Heriberto Yépez: Allegory and radical mimesis
Heriberto Yépez, Voice Exchange Rates, 2002. Is unoriginality already the preferred condition of USAmerican experimentalism?
“Talk-It,” the speaker-cum-software bot of Heriberto Yépez’s video-poem “Voice Exchange Rates,” describes itself as a technology “designed to help poetry return to the righteous path of the avant-garde” by automating the poetic endeavor: the program reads, translates, and composes in a variety of languages and registers in accordance with the preferences of its human user. This hypothetical division of the writing project into specific but related labors — the completion of which is achieved by outsourced procedural means — forces us to consider the stakes of such extreme mediation in literary practice, and to weigh the costs of jettisoning the “human” from artistic production.
We might begin by contemplating its assertion that the “next Octavio Paz is going to write like The New York Times.” Here, Yépez illuminates and contests the protocols that regulate the admission of nonnative, polylingual, and transnational voices to the institutionalized “avant-garde” tradition. Inevitably, the tariff assessed on these poetries is one of deracination: a body of writing only becomes properly saleable once it is stripped of its material and cultural specificities. By naming this gatekeeping as another syndrome of globalization, the poem poses a critical challenge to the literary institution of Conceptual writing: is it really so aesthetically subversive to write like The New York Times within the confines of the art institution — or, rather, to reframe and concretize this writing as commodified word-object — when this very same institution already imposes a regime of prescribed unoriginality (better yet: fluency) on writers who do not fall within its racialized and nationalistic tradition?
For Yépez, we sense, the proposition of “uncreative writing” threatens to recapitulate the globalizing logics that treat immigrant populations as reservoirs of disposable, recombinant, and plastic laboring subjects. If his work flirts morbidly with the obsolescence of the individuated and coherent speaker, it does so with the most pointed allegorical interest. We might say that “Voice Exchange Rates” works as a “radically mimetic” demonstration of the technological processes by which literary subjectivity is policed and homogenized — albeit one that signals the metonymic relationship between this phenomenon of exclusion (or selectively allocated and highly qualified inclusivity) and the larger patterns of sociopolitical marginalization and worker precaritization that order and stabilize the neoliberal state.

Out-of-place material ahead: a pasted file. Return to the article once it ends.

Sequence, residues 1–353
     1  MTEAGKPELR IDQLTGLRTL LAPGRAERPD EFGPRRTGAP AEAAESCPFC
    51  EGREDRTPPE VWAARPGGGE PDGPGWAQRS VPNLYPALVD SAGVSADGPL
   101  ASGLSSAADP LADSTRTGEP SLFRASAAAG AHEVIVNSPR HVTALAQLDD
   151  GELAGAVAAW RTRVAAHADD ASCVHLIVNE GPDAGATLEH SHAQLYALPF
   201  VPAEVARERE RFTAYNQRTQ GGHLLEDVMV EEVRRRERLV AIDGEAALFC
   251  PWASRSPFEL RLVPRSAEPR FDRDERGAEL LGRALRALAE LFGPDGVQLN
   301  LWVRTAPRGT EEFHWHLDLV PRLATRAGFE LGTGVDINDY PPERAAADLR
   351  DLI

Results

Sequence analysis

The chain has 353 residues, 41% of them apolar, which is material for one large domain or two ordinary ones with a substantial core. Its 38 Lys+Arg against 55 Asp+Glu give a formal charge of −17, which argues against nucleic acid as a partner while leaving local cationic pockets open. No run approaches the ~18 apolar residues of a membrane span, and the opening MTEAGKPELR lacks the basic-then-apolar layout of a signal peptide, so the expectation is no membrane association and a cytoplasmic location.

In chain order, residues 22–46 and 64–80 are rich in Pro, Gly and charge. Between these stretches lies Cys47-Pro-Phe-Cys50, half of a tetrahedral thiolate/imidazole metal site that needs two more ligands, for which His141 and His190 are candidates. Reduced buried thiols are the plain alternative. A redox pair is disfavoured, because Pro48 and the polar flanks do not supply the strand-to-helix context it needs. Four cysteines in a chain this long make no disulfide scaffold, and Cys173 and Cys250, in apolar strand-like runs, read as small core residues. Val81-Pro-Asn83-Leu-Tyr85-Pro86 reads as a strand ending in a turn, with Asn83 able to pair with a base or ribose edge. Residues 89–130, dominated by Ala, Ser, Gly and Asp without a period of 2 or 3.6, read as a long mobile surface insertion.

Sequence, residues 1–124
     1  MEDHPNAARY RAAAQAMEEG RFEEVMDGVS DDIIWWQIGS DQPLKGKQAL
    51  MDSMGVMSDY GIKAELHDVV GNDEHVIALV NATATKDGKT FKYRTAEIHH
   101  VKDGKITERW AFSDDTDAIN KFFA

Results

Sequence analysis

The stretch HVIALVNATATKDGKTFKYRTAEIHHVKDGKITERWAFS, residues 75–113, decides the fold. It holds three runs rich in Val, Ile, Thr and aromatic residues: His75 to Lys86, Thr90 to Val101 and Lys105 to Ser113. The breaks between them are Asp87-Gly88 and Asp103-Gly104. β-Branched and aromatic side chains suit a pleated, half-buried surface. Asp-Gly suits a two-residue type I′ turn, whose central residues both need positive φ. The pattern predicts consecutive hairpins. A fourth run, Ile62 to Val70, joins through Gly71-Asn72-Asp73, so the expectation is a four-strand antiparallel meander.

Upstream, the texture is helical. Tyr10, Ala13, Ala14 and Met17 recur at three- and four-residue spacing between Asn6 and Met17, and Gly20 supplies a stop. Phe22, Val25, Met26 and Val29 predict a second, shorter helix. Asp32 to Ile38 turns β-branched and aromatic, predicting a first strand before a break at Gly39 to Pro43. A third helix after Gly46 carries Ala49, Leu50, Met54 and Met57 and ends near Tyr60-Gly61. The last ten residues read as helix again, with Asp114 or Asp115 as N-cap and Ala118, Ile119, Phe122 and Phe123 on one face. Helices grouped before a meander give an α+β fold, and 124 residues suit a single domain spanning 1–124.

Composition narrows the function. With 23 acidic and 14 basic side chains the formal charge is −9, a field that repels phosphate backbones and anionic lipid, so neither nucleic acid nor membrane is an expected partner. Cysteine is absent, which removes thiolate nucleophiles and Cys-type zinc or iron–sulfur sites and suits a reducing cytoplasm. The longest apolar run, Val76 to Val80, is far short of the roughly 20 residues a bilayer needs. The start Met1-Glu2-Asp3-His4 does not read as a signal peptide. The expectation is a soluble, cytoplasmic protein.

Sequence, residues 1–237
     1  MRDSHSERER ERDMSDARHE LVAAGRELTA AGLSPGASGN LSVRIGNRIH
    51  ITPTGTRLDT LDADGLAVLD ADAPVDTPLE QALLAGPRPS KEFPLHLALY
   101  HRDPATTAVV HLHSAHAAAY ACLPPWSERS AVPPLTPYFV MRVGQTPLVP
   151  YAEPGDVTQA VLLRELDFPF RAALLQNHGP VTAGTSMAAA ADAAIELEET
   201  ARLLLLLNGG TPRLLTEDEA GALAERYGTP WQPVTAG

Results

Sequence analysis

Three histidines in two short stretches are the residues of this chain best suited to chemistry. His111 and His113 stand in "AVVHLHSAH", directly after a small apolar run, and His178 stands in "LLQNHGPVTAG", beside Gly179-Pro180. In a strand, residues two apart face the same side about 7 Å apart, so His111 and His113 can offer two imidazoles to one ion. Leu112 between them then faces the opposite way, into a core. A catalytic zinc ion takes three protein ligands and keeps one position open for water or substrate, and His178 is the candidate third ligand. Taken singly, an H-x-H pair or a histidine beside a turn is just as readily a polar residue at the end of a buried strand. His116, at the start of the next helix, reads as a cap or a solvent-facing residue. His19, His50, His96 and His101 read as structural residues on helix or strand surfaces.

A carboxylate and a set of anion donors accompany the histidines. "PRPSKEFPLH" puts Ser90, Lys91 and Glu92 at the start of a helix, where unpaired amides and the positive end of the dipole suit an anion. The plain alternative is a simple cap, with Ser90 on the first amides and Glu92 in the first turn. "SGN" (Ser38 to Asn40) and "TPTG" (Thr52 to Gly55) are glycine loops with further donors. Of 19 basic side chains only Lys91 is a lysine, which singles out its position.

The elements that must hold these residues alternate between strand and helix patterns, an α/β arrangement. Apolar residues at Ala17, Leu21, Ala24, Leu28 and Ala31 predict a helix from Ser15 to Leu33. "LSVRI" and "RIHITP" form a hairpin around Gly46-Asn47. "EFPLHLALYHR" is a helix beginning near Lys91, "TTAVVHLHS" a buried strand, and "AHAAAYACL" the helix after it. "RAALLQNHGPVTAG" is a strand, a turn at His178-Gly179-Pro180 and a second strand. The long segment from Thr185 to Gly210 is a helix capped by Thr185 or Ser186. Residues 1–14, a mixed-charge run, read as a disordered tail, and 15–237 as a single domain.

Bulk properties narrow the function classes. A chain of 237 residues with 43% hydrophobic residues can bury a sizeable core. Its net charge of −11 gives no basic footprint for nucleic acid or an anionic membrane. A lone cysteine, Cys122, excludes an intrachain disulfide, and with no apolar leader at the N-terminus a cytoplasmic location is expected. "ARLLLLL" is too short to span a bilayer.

It is in this curious respect that “Voice Exchange Rates” shares much with the avowed methodologies and goals of the most visible exponents of Conceptual practice. I would furthermore hazard that the poem offers a prescient corrective to their well-documented (and eagerly claimed) critical failure before the fact. The piece is interested in contesting original authorship; it makes use of textual reframing; it is sensitive to the aesthetic and formal suggestions of nonliterary media; and it, too, theorizes writing in terms of the systems and technologies that facilitate its delivery and distribution. But at the same time, it is unwilling to marginalize or suspend political urgency in order to ventilate these concerns; rather, it sees these problems as inextricably related. This is to say that while the poem “mirrors” the “leveling and loading media” that govern the artistic production habits of a complacent neoliberal avant-garde, and even, perhaps, “[replicates] the error under critique,” it refuses to feign historical disinterest in the course of this performance, or to confirm the structural resignation that has defined the institutional commentary offered by the bulk of Conceptual writing — or, at least, its most visible practitioners and exponents.